Happy National Public Health Week

April 7, 2014

 

 

Wikipedia aptly defines Public Health as the science of protecting and improving the health of communities through education, promotion of healthy lifestyles, and research for disease and injury prevention. It’s a dynamic and rewarding field of study with vast opportunities. The overall focus of public health is health promotion, and improving health and quality of life. One of the major differences between public health and clinical medicine is that public health tends to focus more on populations and groups rather than individual patients. This doesn’t mean there aren’t opportunities for hands on, face – to face contact with the people you will serve. On the contrary public health professionals are instrumental in community projects and initiatives promoting breast feeding, condom distribution for control of sexually transmitted diseases, administering medications and providing education regarding tuberculosis etc.

Pursue public health if you have a genuine interest in working with people, preventative health and health promotion, have a desire to be hands on in the community, interest in policy making and having a positive effect on large groups.

Don’t get a Master’s Degree in Public Health simply because you didn’t get into professional school this year. Public Health is not a fall back plan. You’ll only incur unnecessary debt. Assess your application, and seek guidance in evaluating your application from mentors and advisors. See where you fell short and make the necessary adjustments for the upcoming application season. Most often, that means raising that entrance test score.

Check out this site for more valuable information on the field of public health.

Happy Public Health Week!


Alumni Profile – Dr. Kiesha Fraser Doh

March 17, 2014

Now is the time when acceptances are rolling in and with those acceptances financial aid paperwork and the harsh realities of the cost of higher education become more apparent.  While there are fewer options for funding your graduate education than there are for your undergrad years, options DO exist.  Here’s an opportunity to hear first hand from a former National Health Service Corps Scholar.

HealthOU:  How did you find out about the National Health Services Corp program 
Dr. Fraser Doh: I believe I first heard about the NHSC from watching a TV show where a physician went to practice in a rural area of Alaska. Or may have been from a colleague of my parents.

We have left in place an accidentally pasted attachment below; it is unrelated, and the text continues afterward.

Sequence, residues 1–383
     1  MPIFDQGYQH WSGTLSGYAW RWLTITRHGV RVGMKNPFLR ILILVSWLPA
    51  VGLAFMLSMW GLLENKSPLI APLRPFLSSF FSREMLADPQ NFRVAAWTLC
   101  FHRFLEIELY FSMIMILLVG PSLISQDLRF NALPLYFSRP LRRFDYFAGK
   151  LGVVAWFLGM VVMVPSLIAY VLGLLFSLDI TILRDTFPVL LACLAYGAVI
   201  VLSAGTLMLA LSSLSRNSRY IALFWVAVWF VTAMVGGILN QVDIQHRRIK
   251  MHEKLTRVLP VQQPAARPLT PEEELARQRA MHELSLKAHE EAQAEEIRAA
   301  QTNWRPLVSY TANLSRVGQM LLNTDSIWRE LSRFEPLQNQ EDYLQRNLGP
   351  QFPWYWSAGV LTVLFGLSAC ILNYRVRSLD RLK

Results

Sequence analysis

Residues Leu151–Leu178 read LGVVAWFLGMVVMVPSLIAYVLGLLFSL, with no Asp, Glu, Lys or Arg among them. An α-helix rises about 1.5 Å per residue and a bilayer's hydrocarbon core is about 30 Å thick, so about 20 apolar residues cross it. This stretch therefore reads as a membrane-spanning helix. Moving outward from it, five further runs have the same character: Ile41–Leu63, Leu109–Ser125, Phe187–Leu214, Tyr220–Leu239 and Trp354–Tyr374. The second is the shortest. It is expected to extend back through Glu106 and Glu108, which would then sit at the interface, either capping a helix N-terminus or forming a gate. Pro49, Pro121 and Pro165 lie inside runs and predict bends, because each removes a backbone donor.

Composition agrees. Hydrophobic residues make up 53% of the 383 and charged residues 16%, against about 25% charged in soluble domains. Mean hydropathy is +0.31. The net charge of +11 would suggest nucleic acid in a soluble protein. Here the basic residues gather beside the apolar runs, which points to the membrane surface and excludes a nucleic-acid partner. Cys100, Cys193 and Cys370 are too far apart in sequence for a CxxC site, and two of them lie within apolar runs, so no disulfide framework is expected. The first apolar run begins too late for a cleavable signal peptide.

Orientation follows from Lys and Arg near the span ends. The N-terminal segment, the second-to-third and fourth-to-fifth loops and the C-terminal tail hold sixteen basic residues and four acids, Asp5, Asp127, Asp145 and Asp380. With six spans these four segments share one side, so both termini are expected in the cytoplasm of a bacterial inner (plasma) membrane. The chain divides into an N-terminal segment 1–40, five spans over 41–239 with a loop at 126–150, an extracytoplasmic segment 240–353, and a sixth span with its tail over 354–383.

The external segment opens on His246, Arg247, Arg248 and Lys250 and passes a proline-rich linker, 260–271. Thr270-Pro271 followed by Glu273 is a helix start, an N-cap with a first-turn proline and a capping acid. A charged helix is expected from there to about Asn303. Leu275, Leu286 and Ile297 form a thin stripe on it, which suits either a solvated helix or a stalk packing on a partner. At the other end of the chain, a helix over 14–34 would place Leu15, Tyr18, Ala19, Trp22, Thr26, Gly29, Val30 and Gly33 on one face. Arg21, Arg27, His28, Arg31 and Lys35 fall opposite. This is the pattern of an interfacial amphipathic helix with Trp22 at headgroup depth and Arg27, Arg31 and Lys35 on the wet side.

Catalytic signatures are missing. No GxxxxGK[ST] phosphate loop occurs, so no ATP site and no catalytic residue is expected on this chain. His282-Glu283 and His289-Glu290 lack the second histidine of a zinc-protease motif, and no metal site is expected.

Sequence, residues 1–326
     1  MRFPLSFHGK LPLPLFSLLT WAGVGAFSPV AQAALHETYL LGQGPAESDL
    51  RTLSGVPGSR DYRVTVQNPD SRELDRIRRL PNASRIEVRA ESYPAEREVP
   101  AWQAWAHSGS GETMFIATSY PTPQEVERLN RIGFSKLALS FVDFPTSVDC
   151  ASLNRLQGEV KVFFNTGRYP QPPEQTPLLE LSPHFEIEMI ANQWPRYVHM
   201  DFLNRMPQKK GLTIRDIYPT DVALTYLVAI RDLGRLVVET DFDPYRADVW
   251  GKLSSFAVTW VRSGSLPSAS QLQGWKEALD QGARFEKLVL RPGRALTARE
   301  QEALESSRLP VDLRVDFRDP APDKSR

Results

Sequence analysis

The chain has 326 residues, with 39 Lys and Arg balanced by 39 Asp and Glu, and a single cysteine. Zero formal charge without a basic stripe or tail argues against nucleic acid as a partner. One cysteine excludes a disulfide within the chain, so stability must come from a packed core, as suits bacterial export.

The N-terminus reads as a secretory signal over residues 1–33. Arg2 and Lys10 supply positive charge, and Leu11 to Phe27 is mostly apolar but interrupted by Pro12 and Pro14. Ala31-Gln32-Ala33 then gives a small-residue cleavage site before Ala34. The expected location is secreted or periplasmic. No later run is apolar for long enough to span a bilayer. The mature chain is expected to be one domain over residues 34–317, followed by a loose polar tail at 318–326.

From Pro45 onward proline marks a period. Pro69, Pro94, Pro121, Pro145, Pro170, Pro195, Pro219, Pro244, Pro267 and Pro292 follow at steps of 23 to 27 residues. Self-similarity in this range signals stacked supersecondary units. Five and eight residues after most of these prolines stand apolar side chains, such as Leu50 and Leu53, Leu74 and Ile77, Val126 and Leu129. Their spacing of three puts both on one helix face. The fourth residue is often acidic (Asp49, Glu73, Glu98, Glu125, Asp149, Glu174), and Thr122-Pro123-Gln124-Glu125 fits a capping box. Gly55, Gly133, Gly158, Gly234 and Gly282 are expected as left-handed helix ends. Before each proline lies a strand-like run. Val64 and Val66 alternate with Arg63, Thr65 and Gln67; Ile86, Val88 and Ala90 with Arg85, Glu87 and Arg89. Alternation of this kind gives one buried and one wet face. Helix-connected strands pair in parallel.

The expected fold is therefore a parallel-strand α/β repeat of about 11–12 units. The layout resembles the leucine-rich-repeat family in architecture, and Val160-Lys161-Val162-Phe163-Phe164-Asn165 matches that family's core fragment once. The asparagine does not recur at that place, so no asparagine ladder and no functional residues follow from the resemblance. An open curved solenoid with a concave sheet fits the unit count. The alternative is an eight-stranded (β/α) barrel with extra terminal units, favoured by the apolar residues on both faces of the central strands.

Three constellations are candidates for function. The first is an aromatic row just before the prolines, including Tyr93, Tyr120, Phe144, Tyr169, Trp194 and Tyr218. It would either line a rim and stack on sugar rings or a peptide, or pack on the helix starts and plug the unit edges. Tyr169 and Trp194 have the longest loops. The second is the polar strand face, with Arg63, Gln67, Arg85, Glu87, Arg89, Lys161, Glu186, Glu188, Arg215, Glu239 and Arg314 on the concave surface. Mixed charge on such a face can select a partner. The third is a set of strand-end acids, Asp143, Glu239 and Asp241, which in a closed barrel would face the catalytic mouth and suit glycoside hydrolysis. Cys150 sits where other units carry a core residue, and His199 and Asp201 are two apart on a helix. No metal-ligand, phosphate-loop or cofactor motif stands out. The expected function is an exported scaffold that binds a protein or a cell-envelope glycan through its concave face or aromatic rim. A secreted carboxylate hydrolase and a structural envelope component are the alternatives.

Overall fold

HealthOU:  At what point in your academic career did you apply to the program?

Dr. Fraser Doh: At the end of college I was looking for some way to ensure medical school was inexpensive. I applied to the Army Medical Corps program and the National Heath Service Corp.

HealthOU: What was the length of your commitment with the program? 

Dr. Fraser Doh: I committed 4 years to the NHSC.  Which is basically exactly how much time I worked for them.

HealthOU: Outside of the obvious financial benefit :) what value or benefits foes the program offer to prospective applicants?

Dr.Fraser Doh: A guaranteed job after residency.  Someone within the NHSC network will hire you and you may have multiple job offers thus allowing you some negotiation wiggle room.  Also the obvious benefits of helping in an underserved area where you know your services are most needed.   Possibly finding a job and a community for a lifetime

HealthOU:  Students who are interested in the program may be deterred thinking they will end up having to practice in an area where they won’t be happy living, what would you say to them?

Dr. Fraser Doh: You can live anywhere for 2-4 years.  The time will fly.  Most of my peers are spending the first 10-20 years out of medical school paying down debt, which hampers them when purchasing homes and cars due to debt to income ratio.

Plus, speaking a second language will be a useful marketing tool and could increase your chances of getting a job in some more competitive locations. But you should research the available options before applying.  Cities like Huntsville, AL have been on the list before.   Also inner city options are often available for Spanish speakers.